For four years Keith Bergman, the town administrator in Littleton, used to sneak out of work a little early on Friday afternoons. After all, he had a four-hour commute ahead of him.
While Bergman called the small island town of Nantucket and the very tip of Cape Cod in Provincetown home for two years each, he also rented an apartment in Acton where he would stay during the week.
But every Friday — weather depending — he would drive about two hours to Hyannis, then jump on an hour-and-a-half ferry and get picked up by his wife, Margaret. On Sunday night, he'd start over, doing the whole commute in reverse to get back for work Monday morning.
"For four years it was just a part of my life," said Bergman, who in April moved to Concord after his wife got a new job. Now, his commute is about 20 minutes — sometimes 25 with traffic.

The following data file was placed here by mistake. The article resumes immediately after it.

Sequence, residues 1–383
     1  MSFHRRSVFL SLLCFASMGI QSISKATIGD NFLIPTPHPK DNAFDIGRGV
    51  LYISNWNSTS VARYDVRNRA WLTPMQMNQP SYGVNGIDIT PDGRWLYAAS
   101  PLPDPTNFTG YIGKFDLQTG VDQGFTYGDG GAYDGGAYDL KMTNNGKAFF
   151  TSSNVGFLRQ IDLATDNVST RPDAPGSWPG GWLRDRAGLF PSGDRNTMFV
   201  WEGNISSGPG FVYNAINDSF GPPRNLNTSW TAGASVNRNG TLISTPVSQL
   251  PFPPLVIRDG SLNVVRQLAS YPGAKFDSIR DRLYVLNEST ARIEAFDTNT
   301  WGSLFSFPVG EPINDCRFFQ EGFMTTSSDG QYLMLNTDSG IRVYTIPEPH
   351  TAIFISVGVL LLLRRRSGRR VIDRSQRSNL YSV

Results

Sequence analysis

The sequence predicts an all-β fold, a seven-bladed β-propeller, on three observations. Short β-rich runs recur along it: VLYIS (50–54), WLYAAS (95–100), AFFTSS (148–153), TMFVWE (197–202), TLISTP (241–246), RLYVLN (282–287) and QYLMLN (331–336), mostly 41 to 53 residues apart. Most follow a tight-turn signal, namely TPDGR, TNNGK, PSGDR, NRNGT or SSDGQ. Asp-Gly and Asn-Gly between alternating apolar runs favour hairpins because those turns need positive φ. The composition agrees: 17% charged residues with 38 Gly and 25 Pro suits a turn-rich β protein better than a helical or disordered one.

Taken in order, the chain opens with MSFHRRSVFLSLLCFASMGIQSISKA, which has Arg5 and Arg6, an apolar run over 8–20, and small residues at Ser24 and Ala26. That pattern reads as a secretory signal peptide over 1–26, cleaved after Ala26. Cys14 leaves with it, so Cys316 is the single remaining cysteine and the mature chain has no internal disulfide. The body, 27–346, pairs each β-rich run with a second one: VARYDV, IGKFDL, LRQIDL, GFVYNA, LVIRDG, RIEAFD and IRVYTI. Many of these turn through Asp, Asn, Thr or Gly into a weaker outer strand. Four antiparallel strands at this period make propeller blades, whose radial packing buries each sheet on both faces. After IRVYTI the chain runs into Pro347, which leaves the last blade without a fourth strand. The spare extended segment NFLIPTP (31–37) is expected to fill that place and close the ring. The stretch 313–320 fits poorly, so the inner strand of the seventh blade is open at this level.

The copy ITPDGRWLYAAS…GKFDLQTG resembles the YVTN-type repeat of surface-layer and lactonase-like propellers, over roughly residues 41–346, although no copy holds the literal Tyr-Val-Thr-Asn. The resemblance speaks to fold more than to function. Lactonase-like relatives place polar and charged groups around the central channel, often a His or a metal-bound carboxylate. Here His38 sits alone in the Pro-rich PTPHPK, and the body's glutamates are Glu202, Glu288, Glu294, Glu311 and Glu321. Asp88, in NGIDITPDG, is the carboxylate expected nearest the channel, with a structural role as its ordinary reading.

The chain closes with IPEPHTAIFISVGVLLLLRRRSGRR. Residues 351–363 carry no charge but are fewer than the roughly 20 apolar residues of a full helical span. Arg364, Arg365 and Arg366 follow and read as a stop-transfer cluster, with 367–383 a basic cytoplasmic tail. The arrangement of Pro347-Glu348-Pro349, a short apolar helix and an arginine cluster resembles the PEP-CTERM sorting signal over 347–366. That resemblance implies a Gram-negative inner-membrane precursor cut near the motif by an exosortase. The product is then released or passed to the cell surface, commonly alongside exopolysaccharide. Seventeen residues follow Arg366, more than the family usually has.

Such is the life of a commuter: Long drives, multiple transfers, sitting in traffic and paying ever-skyrocketing prices at the fuel pump.
A variety of programs have been set up to encourage alternate commuting methods, such as public transportation, carpooling or riding a bicycle to work. Such methods are better for the environment and can save money for commuters and the state, it is argued.
But the alternatives don't work for everyone, admits Stephen O'Neil, administrator of the Worcester Regional Transit Authority.
An estimated 80 percent of commuters in Worcester County drive to work alone, which is a number that O'Neil is certain can be reduced.
The challenge is convincing the Bay State's 3.2 million commuters that there are other ways to get to work than just driving alone.
According to the U.S. Census Bureau, 4.5 percent of Massachusetts residents walk to work, which is compared to less than 3 percent nationally. Middlesex County has twice the rate of residents that ride a bike to work compared to the national average. And statewide, Massachusetts has almost double the number of commuters using public transportation compared to the U.S. population.
But Bay State residents also endure a longer commute than the average American.